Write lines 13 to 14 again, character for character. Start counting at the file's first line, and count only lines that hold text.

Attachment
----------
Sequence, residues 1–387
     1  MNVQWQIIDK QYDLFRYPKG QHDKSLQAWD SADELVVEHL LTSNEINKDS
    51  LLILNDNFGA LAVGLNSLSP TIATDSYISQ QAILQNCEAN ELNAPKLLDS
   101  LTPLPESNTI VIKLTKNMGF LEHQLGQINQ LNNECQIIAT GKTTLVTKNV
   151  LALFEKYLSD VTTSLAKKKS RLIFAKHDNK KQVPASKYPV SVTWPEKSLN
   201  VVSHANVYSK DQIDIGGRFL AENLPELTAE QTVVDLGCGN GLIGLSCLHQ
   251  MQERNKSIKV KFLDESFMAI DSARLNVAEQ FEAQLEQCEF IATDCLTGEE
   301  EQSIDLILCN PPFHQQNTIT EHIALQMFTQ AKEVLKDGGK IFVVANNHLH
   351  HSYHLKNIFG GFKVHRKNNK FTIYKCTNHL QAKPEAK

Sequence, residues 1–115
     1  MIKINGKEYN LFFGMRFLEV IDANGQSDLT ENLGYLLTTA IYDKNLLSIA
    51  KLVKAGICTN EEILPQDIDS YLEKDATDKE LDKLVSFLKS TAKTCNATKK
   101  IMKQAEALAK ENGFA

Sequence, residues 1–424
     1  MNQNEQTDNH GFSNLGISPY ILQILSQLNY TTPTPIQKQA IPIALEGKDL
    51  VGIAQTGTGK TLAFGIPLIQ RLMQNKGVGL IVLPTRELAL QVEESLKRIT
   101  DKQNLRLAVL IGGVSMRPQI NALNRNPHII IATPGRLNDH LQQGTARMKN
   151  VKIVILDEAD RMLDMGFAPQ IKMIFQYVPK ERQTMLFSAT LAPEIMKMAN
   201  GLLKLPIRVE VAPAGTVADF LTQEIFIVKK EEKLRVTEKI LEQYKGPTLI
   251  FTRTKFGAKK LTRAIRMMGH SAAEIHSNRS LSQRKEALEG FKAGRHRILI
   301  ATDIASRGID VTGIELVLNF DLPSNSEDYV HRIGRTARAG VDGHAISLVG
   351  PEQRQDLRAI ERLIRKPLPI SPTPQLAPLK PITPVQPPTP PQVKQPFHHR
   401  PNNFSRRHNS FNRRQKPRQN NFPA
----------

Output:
   101  IMKQAEALAK ENGFA

Sequence, residues 1–424